This Op-Ed was originally published by the Center for Strategic and International Studies Pacific Forum
By Yuki Tatsumi – On October 3, the United States and Japan held the Security Consultative Committee (SCC) meeting, often referred to as “two-plus-two” because it includes the US secretaries of state and defense and Japan’s foreign and defense ministers, in Tokyo. The joint statement issued at the end of the meeting, “Toward a More Robust Alliance and Greater Shared Responsibilities”, described the vision of the US-Japan alliance that is “more balanced and effective.” It included an extensive list of action items in three categories: “bilateral security and defense cooperation” (previously called “roles, missions, and capabilities”), “regional engagement,” and “US force realignment in Japan”.
While this joint statement is encouraging in that it reaffirms the two countries’ commitment to further enhance the resilience of the US-Japan alliance, its ambitious agenda raises a simple question: can Washington and Tokyo muster the political capital necessary to move forward with the action items in the document?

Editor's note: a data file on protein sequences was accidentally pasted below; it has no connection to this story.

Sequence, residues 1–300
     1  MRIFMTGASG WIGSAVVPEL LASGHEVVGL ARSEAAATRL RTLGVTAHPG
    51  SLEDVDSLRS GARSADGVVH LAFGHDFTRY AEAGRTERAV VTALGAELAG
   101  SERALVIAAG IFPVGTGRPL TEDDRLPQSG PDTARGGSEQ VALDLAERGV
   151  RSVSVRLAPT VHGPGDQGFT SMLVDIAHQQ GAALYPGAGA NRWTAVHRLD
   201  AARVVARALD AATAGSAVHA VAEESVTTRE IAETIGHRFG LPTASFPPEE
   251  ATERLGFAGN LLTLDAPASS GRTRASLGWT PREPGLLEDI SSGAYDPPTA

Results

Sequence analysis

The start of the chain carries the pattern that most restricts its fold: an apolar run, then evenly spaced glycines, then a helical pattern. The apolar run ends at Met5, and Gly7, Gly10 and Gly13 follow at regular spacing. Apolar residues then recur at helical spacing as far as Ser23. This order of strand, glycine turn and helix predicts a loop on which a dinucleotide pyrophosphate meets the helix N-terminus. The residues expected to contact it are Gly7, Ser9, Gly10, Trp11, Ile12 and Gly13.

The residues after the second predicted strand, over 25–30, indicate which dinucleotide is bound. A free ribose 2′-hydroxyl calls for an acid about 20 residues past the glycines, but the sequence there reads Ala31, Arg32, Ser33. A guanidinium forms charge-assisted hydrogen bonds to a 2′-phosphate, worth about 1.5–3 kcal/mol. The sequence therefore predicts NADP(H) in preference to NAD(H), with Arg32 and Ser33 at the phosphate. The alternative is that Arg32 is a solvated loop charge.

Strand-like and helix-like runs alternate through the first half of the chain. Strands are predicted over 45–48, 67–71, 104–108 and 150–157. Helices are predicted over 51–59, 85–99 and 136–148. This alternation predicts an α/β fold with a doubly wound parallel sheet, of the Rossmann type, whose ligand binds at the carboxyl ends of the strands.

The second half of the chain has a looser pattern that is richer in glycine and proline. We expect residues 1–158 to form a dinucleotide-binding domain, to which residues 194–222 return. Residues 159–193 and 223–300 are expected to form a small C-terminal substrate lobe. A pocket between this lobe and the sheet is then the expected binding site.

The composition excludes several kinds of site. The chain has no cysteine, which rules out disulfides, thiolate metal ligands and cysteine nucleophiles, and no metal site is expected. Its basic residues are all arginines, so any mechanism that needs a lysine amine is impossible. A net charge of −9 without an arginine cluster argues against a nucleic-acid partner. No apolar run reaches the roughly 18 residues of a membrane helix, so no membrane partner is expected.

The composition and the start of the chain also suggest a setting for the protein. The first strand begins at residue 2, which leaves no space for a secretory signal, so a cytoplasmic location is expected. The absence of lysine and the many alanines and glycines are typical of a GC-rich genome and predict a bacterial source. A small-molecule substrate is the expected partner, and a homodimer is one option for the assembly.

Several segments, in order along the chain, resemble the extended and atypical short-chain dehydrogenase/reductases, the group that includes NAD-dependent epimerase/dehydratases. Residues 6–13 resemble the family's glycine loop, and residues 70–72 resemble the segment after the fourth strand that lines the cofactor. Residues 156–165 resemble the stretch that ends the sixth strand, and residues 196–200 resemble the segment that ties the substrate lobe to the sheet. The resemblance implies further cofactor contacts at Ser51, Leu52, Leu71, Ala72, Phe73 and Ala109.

A future vision for the Alliance
The joint statement is important for several reasons. First, the document reaffirmed the role of the US-Japan alliance as “the cornerstone of peace and stability in the Asia-Pacific region”. It builds on the work done in previous SCC joint statements – “Toward a Deeper and Broader Alliance: Building on 50 Years of Partnership” issued in June 2011 and the joint statement adopted in April 2012 – when Japan was led by the Democratic Party of Japan (DPJ).
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Photo credit: DOD photo, Erin A. Kirk-Cuomo